spiritsNEWS March 2021

A new Trade Strategy for the EU

On 18 February, DG TRADE released its new EU Trade Strategy. The new Strategy is strongly influenced by the COVID crisis, which has drastically affected most European economic sectors, including in relation to their exports to many regions. Nonetheless, the focus largely remains on the need for the EU to remain open. An important element to mention in this respect is the fact that, from 2024, 85% of the world’s GDP growth is expected to come from outside the EU. This is clearly highlighted in the EU Trade strategy and, together with fact that EU exports support 35 million jobs in the EU, a strong enough rationale to ensure that an open trade policy remains a cornerstone of the EU international relations strategy and instrumental as part of the EU’s recovery plans. Being open does not equate to being naïve: it is merely a realisation that we all benefit from this openness, be it for imports, as is often forgotten, or for exports, which are so essential to our sector, but also to Europe’s current and future prosperity. In this respect, a more direct mention of Geographical Indications (GIs) and the vital contributions that they make to Europe’s growth and job creation would have been welcome.         

The new Strategy places a strong focus on multilateralism, with an entire annex devoted to the reform of the WTO, and on enforcement and implementation, perhaps at the expense of the bilateral trade agenda. While we regret the fact that comparatively little emphasis is placed on the bilateral agenda, focused on removing market access barriers for export-driven sectors such as ours, we very much welcome the increased focus on enforcement – something we had been calling for for a long time – and the confirmation that multilateralism, and in particular the WTO, is more important than ever. We also welcome the focus on the US and China, which are our two biggest export markets outside of the EU, and the new emphasis placed on Africa, a growing market fo where trade can deliver tangible benefits in terms of sustainable development. The call for a more strategic approach to international regulatory cooperation is another element we support and encourage, as we face a growing number of regulatory hurdles and barriers, on all continents.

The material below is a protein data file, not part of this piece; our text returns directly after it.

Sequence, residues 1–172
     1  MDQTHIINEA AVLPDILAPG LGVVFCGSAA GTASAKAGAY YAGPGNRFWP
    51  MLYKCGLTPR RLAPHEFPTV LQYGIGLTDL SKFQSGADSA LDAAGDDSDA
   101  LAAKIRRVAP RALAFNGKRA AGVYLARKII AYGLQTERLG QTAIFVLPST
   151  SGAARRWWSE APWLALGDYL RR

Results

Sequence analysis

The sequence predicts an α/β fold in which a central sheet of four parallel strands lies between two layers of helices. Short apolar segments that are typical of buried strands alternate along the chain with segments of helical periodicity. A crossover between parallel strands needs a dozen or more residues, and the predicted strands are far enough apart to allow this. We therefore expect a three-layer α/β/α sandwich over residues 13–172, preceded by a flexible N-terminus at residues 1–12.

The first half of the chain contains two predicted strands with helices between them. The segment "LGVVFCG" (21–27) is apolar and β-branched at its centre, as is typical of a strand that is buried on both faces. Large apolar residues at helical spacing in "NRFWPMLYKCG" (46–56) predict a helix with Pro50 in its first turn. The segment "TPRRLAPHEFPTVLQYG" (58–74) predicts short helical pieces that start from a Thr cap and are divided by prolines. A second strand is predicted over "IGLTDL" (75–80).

At a time when the value of trade for society is sometimes brought into question, the greater focus on trade as an instrument to pursue other policies and objectives, not least in relation to sustainability, is understandable. We support this greater focus on sustainability objectives, which is in line with the daily practices and experiences of our members in many markets, who do not only support countless jobs in Europe and abroad, including in developing countries but are also involved in many projects to increase sustainability, from recycling to access to water. The best way of encouraging these developments and the path towards sustainability is to ensure that trade remains open, today more than ever.

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